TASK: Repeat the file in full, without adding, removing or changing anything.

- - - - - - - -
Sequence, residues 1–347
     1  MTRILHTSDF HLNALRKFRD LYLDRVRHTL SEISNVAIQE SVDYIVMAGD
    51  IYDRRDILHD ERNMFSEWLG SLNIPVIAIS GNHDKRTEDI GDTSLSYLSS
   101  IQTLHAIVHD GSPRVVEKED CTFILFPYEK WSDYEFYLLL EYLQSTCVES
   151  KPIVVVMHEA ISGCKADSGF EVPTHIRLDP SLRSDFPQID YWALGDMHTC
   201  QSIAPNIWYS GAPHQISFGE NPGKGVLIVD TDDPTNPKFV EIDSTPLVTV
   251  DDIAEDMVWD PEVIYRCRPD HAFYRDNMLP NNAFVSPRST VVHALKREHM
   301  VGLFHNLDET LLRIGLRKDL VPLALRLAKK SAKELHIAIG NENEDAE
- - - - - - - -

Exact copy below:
Sequence, residues 1–347
     1  MTRILHTSDF HLNALRKFRD LYLDRVRHTL SEISNVAIQE SVDYIVMAGD
    51  IYDRRDILHD ERNMFSEWLG SLNIPVIAIS GNHDKRTEDI GDTSLSYLSS
   101  IQTLHAIVHD GSPRVVEKED CTFILFPYEK WSDYEFYLLL EYLQSTCVES
   151  KPIVVVMHEA ISGCKADSGF EVPTHIRLDP SLRSDFPQID YWALGDMHTC
   201  QSIAPNIWYS GAPHQISFGE NPGKGVLIVD TDDPTNPKFV EIDSTPLVTV
   251  DDIAEDMVWD PEVIYRCRPD HAFYRDNMLP NNAFVSPRST VVHALKREHM
   301  VGLFHNLDET LLRIGLRKDL VPLALRLAKK SAKELHIAIG NENEDAE